[By Nathan Hurst, CQToday]
Private companies are doing a better job than Amtrak at cutting costs on regional rail transit service, according to a new House committee staff report that Republicans are citing to bolster arguments for a larger private sector role in operating passenger rail services.
Agencies running state-supported commuter rail operations around the country have saved more than $100 million annually after replacing Amtrak with operators selected through competitive bidding, the Transportation and Infrastructure Committee staff reported.
If the 19 states that continue to contract with Amtrak were to seek bids on their remaining 27 state-supported routes, they could save an estimated $91.3 million, the staff report said.
The savings, according to the staff report, would go a long way toward covering an expected $120 million decrease in federal subsidies for state-sponsored passenger services by next year.
Amtrak critics, such as committee Chairman John L. Mica, R-Fla., said the national passenger rail service has a “monopoly mentality” that prevents it from winning competitive bids against private operators for the commuter routes. Mica said Amtrak should “get back to a core mission.”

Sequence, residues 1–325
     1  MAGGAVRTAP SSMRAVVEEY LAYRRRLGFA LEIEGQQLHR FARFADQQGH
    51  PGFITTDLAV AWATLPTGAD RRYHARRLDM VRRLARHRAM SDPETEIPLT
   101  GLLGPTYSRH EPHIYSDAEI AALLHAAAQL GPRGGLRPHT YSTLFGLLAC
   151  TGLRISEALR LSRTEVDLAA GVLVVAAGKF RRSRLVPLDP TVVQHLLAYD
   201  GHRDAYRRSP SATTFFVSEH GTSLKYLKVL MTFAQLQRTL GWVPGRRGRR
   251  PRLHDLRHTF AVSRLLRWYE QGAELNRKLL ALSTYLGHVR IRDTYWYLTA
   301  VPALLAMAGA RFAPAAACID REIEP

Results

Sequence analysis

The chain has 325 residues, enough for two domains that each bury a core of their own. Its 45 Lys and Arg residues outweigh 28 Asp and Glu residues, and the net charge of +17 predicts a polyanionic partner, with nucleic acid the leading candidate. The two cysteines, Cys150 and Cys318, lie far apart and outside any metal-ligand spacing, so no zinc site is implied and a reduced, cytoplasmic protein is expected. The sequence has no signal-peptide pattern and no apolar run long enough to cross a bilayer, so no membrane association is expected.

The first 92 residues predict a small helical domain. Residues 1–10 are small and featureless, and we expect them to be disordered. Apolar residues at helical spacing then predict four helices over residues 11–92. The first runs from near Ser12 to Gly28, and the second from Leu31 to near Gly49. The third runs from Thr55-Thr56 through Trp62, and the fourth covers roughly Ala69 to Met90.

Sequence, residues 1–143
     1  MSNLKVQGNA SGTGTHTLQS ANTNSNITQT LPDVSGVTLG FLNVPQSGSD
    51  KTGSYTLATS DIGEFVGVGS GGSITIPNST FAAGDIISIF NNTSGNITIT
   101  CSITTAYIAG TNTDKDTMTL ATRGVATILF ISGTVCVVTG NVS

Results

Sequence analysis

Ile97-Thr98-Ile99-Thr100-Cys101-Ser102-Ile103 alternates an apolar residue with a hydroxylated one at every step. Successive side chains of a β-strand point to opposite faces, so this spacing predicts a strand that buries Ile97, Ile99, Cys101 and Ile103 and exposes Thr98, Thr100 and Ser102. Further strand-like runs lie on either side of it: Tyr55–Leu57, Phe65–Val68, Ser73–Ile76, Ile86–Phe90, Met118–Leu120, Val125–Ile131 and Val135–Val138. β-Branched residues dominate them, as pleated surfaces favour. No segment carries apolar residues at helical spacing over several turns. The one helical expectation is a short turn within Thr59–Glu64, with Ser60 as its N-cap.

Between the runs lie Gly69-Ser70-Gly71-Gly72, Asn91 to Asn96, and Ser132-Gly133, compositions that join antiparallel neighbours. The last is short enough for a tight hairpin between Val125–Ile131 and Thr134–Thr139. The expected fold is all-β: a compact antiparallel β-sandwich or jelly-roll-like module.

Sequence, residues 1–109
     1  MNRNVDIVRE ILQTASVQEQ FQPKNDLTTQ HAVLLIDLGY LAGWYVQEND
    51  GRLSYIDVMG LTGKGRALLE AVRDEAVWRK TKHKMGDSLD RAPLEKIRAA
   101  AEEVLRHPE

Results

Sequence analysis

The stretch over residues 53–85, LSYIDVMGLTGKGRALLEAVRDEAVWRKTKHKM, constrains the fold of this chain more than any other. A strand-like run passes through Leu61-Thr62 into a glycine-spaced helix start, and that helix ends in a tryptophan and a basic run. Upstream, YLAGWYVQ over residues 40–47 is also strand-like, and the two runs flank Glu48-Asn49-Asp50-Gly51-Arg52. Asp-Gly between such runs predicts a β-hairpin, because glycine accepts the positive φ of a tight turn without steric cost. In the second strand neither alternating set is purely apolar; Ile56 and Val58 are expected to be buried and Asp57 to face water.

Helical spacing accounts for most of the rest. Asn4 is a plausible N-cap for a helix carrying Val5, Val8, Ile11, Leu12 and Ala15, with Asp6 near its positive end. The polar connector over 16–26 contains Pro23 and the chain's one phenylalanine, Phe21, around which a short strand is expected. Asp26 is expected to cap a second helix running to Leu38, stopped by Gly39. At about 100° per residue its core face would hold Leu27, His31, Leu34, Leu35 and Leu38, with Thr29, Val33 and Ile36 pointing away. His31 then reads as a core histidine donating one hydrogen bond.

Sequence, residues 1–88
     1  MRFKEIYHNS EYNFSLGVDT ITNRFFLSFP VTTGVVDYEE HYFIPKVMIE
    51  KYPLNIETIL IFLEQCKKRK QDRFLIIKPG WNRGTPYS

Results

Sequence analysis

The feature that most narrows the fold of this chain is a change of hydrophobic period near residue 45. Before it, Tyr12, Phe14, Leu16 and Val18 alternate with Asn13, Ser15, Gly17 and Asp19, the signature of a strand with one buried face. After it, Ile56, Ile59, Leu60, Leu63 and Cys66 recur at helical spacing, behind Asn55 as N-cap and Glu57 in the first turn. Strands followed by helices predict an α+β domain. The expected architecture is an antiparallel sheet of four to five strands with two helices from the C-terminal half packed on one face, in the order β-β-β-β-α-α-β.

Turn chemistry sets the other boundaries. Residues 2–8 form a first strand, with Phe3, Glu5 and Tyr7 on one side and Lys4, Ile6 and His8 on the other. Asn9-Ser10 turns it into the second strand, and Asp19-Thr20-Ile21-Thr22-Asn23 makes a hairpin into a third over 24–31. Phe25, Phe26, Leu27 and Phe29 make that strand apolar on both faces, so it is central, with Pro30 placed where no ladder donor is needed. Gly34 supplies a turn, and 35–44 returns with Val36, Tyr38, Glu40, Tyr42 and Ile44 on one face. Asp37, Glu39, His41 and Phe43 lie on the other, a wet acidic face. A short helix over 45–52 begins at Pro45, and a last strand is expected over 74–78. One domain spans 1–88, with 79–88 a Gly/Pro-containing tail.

Amtrak chief executive Joseph H. Boardman accused Republican critics of denying investments that would allow the railroad to be more competitive and profitable.
“You’re not allowing us to compete,” Boardman said. “You want us to act more like a business, but then you’re not allowing us to actually do that.”
Earlier this week, the railroad announced it was on track to best the 30.2 million passenger record set in fiscal 2011. Ridership was up 3.4 percent over last year through the first 11 months of the year, with increases also projected for September. Despite the surge in ridership, Amtrak continues to lose money.
Under Boardman, Amtrak has laid out an ambitious $100 billion-plus plan to bring high-speed service to Amtrak’s Northeast Corridor, including a proposed $7 billion makeover of Washington’s Union Station.
Mica and other House Republicans have made it clear Amtrak shouldn’t expect a blank check for its improvement plans when the committee takes up passenger rail authorization legislation in the next Congress. Passenger rail advocates say investment in the system will be critical to its future.
Ed Wytkind, president of the Transportation Trades Department of the AFL-CIO, said he doesn’t understand the House panel’s antagonism toward Amtrak.
“We all know ridership is soaring . . . that investments are paying off,” Wytkind said. “We’re puzzled by the odd rhetoric coming from the committee.”